'School drop-in clinics, which offer an open, safe, confidential place to talk with a skilled professional like a nurse, give children an opportunity to confide that though they love their parents, they don’t like what they do when they are drinking. Some school nurses also offer pupils online or texting support services, which teenagers often prefer.’

Council services cut

As most councils cut their alcohol treatment services and more than half lack strategies to help the children of alcoholics, how can this hidden problem be identified and resolved?

Adrian Brown

Describing the report’s findings as 'shocking' but welcoming its call for better data and more resources, alcohol nurse specialist psychiatric liaison at Northwick Park and Central Middlesex Hospital Adrian Brown says: 'Unfortunately, as alcohol services are trimmed back to save money, parents seeking treatment for alcohol problems may be deterred by difficulties in accessing help.


Children in need and registered with a local authority due to parental substance misuse 

(National survey data for Wales 2016)

'But all nurses are in a prime position to identify and refer anyone with early alcohol problems for a “brief alcohol intervention” so they can be helped by alcohol recovery services and peer support networks. And, though such people may not be actively harming their children and can be reluctant to discuss the impact their excessive drinking may have on their families, it is the role and responsibility of alcohol nurse specialists and alcohol health workers assessing these patients, to consider safeguarding their partners and children.’ 

Outreach work

Health professionals have welcomed the government’s announcement of a three-year £6 million package of measures to help support children living with PAM in England.

The programme will aim to provide more early intervention services and outreach initiatives.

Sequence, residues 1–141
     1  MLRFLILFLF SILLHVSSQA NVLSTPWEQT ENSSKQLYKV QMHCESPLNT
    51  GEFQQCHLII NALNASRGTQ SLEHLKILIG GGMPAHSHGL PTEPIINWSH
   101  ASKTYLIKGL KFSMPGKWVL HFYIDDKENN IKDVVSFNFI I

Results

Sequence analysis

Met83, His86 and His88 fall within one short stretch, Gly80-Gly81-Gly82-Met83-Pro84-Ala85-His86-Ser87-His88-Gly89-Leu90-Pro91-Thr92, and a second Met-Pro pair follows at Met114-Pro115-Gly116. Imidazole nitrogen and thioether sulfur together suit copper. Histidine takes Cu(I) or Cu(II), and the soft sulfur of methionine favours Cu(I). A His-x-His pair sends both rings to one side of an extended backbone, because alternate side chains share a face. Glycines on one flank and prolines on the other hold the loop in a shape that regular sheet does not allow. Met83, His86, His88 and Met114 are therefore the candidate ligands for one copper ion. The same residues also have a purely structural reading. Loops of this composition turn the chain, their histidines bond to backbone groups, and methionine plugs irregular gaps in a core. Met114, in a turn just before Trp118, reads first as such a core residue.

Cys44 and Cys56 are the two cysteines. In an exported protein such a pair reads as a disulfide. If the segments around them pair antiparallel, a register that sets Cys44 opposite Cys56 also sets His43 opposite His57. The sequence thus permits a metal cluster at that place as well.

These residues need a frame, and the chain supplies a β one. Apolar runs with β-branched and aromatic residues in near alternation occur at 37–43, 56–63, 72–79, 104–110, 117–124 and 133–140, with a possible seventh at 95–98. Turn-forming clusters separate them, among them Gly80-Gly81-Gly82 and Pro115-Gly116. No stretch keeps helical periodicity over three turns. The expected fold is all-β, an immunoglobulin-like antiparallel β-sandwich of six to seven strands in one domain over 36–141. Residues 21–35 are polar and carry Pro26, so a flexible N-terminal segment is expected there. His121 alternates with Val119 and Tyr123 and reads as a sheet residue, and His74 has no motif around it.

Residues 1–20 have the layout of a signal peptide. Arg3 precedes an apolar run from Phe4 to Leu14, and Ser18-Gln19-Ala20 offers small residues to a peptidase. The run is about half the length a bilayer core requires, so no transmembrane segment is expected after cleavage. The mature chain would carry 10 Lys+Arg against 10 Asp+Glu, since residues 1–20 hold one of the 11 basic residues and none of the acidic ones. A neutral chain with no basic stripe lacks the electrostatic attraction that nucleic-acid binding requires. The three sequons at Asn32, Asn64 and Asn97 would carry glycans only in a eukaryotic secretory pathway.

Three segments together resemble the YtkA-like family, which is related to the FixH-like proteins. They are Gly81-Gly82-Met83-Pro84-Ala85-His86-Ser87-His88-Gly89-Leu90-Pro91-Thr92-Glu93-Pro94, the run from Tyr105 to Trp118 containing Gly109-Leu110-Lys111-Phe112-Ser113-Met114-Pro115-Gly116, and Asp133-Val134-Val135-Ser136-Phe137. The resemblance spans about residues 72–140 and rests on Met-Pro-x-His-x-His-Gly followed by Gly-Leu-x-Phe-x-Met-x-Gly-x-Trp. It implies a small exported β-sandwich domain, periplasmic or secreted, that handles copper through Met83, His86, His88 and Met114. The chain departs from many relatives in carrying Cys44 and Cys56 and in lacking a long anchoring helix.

'Hopefully today’s children are more aware than I was, that parental alcohol misuse is wrong. As a child I never knew my father’s behaviour was abnormal and not my fault. But I remember no one, such as a school nurse, in whom I felt I could confide,’ says Ms Huey.  

And, if the report’s recommendations are followed, hopefully children today will be less likely to go through the same experience without any support. 

65% of 1,987

Respondents with dependent children who exceeded recommended daily alcohol limits

(National survey data for Northern Ireland 2013) 

Parliamentary report recommendations

  • Introducing a national strategy for children of alcoholics, overseen by a minister to whom local authorities and NHS bodies would report their progress in assessing the scale of parental alcohol misuse (PAM) in their area and supporting affected children
  • Increased support for families affected by PAM, improved multi-agency working and more training for professionals, such as those working in schools
  • Awareness-raising among children, parents and practitioners about the impact of PAM and local support
  • Improved local data collection and evaluation of PAM services, such as the relationship between PAM and issues like domestic violence

Key facts on parental alcohol misuse

Children affected by PAM are:

  • Six times more likely to witness domestic violence. PAM has also been implicated in 37% of cases involving the death or serious injury of a child due to neglect or abuse
  • Have poorer outcomes in child protection cases, than cases where alcohol is not a factor
  • More prone to mental and physical health problems, for example they are five times more likely to have an eating disorder, attention deficit hyperactivity, increased injuries and hospital admissions 
  • Three times more likely to consider suicide and twice as likely to experience difficulties in school
  • More likely to have disrupted family routines, with 15% of affected children reporting inconsistent bedtimes due to their parents’ drinking
  • Experience chronic worry and fear, many feeling socially isolated and reluctant to seek help due to stigma, shame and guilt about betraying their parents, according to evidence from helpline calls 
  • Must often care for their affected parent or younger sibling, which can negatively affect school attendance and homework
  • Are considered twice as likely to develop alcohol or other addiction problems themselves later
  • About 41% of women drink during pregnancy and at least 3% of live births may be affected by some degree of foetal alcohol syndrome 


Helplines for anyone affected by PAM

NSPCC  0808 800 5000
NACOA  0800 358 3456